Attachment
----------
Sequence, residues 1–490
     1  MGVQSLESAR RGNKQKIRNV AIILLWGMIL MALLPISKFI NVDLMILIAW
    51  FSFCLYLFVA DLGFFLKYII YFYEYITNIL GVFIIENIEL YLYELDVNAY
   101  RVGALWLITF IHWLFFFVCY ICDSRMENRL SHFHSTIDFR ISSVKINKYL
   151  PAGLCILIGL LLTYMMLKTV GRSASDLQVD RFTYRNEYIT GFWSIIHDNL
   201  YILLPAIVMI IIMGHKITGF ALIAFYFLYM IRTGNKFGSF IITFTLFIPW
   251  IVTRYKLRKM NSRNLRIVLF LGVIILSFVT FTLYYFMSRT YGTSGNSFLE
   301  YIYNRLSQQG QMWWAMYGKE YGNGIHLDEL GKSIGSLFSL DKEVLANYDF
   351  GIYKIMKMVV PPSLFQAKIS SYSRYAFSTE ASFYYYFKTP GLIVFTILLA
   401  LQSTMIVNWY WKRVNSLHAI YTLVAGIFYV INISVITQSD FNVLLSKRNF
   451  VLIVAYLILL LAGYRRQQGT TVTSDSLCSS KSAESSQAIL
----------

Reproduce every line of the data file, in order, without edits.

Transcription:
Sequence, residues 1–490
     1  MGVQSLESAR RGNKQKIRNV AIILLWGMIL MALLPISKFI NVDLMILIAW
    51  FSFCLYLFVA DLGFFLKYII YFYEYITNIL GVFIIENIEL YLYELDVNAY
   101  RVGALWLITF IHWLFFFVCY ICDSRMENRL SHFHSTIDFR ISSVKINKYL
   151  PAGLCILIGL LLTYMMLKTV GRSASDLQVD RFTYRNEYIT GFWSIIHDNL
   201  YILLPAIVMI IIMGHKITGF ALIAFYFLYM IRTGNKFGSF IITFTLFIPW
   251  IVTRYKLRKM NSRNLRIVLF LGVIILSFVT FTLYYFMSRT YGTSGNSFLE
   301  YIYNRLSQQG QMWWAMYGKE YGNGIHLDEL GKSIGSLFSL DKEVLANYDF
   351  GIYKIMKMVV PPSLFQAKIS SYSRYAFSTE ASFYYYFKTP GLIVFTILLA
   401  LQSTMIVNWY WKRVNSLHAI YTLVAGIFYV INISVITQSD FNVLLSKRNF
   451  VLIVAYLILL LAGYRRQQGT TVTSDSLCSS KSAESSQAIL